|Symphyotrichum oblongifolium ‘October Skies’|
The laws of nature can not be broken!
You must learn to accept and abide by Mother Nature’s laws to achieve hortus sanus in your garden, or you will find yourself in a state of hortus insanus.
You can’t make water flow uphill.
You can’t specify the amount of rain and snow you want to fall on your garden.
You can’t control the speed of the wind.
You can’t plant a tropical rain forest in a zone 5b garden and expect it to overwinter outside.
You can try to break the laws of nature and you might actually feel like you’ve gotten away with it.
But really, have you gotten away with it?
Do you really want to go through your garden constantly looking over your shoulder to see if you’ve been caught breaking the law? What did it cost you to go against Mother Nature’s laws, anyway?
And do you really, truly like the end result of your law breaking ways in your garden?
No doubt if you made water flow uphill or did something to control the rain in your garden or stop the wind or planted plants that just aren’t suitable for what Mother Nature has decided are the rules for your area, you’ve created for yourself one big, expensive, gigantic, overbearing, time consuming garden to maintain. It might even be pretty.
But isn’t it better to just accept the laws and rules of Mother Nature and work within them? Of course it is. And your garden will be healthier for it, as will you.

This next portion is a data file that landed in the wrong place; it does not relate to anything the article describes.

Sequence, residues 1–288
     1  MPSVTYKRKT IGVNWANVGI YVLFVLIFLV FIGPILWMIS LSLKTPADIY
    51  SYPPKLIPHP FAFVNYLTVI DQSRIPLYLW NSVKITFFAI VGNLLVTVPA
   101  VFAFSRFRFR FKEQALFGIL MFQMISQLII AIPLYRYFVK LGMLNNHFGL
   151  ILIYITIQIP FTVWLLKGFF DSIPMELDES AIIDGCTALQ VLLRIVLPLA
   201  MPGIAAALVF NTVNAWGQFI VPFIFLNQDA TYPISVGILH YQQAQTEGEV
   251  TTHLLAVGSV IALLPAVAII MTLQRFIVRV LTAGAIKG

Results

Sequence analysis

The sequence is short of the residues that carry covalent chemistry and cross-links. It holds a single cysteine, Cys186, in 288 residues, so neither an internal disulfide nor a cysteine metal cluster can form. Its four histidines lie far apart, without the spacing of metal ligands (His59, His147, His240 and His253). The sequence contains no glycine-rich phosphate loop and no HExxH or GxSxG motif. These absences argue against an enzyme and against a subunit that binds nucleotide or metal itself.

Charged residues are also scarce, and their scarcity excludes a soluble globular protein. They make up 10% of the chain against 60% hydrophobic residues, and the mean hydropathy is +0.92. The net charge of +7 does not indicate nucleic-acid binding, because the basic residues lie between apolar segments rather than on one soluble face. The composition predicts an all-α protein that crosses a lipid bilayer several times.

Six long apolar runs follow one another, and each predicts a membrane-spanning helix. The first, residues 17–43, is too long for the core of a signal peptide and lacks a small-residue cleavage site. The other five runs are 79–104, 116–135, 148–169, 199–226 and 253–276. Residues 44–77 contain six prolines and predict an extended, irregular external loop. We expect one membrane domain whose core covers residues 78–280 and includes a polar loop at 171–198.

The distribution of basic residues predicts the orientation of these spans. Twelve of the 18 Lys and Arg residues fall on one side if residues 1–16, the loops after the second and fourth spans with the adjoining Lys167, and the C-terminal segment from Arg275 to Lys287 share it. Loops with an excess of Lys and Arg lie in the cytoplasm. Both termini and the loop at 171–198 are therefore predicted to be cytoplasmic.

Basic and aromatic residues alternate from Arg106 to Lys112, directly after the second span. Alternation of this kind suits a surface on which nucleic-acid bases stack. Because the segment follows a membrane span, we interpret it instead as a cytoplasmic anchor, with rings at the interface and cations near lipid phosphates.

So if you’ve broken the laws of Mother Nature, or tried to bend her rules, go out now to make amends and set things right. You know it is the right thing to do for hortus sanus, a healthy garden.
You're so right, gardening with the flow, not pretending you have different soil, more sun, no frosts, whatever, makes for a much happier garden – and gardener!
Dorothy Borders says
I love your hortus sanus "lectures" and your overall commonsense approach to gardening. As a habitat gardener, I am ever mindful of Mother Nature's laws and always try to abide by them. It makes for a clean conscience and sound sleep at night.
I try to plant with what the area will take. We live between Denver and Boulder, dry and high. We plant for the bees, too. Lots of agastache, lavender, Russian sage and achillea. A ton of other xeric plants, too, but those four are the anchor.
I've learned to compost for the veggie garden and have become what my family calls compost police with anything I see going in the trash but should go in the bin….
Part of what initially attracted me to Permaculture was the notion of minimal resource and enrgy use: put your compost heap near where you'll use it, and your herbs close to the kitchen door.
Christopher C. NC says
Or how low can the temperature go before I bring the tropical potted plants inside? At 41 degrees I know I am pushing their tender hearts.